- the IoT projects,
- the vert.x project.
Last but not least: the good IP management policies at the Eclipse Foundation are consistent with the policies that we already had in place. All contributions have been accepted under contributor license agreements with INSA-Lyon.
Golo is currently licensed under the terms of the Apache License, Version 2.0. We will switch to the Eclipse Public License, and we will use the Eclipse Distribution License for samples.
We do not own the trademark, and we are not aware of any party owning it.
Our plan is to do an initial contribution within the 2 weeks of incubator acceptance.
We would appreciate if the Eclipse Foundation allowed us to enter the incubator with an initial contribution without
org.eclipse.* package names. We have a number of pull-requests / features under development, and the fact that Git history is going to be reset is already a big enough issue for the development and completion of these works. We will move to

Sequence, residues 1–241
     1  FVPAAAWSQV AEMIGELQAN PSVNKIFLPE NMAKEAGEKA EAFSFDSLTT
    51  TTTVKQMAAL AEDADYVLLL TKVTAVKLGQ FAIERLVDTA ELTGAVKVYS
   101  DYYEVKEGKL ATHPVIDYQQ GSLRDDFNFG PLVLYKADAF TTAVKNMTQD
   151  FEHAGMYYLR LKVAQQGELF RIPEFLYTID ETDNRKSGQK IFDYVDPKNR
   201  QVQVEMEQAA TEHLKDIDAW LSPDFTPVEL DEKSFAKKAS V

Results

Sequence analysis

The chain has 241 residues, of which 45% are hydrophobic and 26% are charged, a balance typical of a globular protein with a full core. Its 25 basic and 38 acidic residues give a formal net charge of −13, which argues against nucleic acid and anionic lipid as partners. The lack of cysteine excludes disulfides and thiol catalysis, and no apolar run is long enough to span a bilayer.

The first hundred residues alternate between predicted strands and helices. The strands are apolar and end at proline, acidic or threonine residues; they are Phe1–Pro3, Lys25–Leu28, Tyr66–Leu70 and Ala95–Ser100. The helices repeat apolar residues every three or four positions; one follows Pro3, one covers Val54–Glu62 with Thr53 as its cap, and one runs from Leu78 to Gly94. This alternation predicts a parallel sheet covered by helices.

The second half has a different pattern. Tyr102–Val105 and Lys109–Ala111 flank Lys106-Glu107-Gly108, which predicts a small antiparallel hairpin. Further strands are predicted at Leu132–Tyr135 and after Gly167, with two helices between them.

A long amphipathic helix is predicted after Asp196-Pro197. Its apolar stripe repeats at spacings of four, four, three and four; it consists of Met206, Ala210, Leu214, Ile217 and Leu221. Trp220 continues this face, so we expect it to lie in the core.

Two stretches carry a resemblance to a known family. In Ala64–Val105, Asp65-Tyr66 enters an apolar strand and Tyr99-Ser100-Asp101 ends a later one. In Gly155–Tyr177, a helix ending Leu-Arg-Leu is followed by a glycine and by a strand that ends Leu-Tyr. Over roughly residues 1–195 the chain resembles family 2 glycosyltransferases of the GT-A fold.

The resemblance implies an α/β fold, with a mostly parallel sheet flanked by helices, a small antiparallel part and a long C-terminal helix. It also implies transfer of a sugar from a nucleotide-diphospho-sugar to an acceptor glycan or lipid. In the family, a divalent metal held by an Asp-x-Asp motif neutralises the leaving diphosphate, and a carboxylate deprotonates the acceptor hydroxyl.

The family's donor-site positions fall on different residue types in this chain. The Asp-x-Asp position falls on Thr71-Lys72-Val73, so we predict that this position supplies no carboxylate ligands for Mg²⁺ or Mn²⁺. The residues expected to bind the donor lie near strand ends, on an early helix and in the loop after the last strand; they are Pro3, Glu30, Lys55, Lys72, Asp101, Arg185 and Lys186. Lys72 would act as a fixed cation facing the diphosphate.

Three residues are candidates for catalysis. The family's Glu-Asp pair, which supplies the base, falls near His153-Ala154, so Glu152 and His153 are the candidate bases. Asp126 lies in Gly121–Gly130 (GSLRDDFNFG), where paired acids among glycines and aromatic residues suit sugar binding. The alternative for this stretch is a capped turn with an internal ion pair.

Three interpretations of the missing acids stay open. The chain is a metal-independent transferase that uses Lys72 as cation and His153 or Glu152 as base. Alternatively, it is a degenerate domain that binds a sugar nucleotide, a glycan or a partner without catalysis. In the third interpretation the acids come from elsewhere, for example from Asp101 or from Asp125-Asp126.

org.eclipse.* packages at a later point while in the incubation. As an exception, we will not rename the
gololang package which is a namespace for the Golo standard API.
We expect to develop what is currently planned for Golo
3.0.0 in the incubator, with regular milestone releases. We would ideally propose a graduation from the incubator once feature complete, and after having used the milestone releases to get up to speed with the Eclipse processes.
The project is going to continue the efforts in growing its community, including proposing conference talks and disseminating articles. We expect the interactions with other Eclipse projects to be a fruitful growth factor, too.
The current items in development for the next release (that could be done in the Eclipse incubator) include:
- the transparent support of Java functional interfaces (the foundation of Java 8 so-called lambdas),
- the support of named arguments,
- direct anonymous function calls,
- previously deprecated APIs removal,
- easier Java class adapter generation API,
- changing a function arity using decorators,
- extension of the closure interface implementation augmentation to functional interfaces.
In future versions, we have plans to make investigations in the following areas.
- Easing embedding APIs.
- Lazy collections and generators.
- Adaptive / context-dependent sandboxing of Golo code.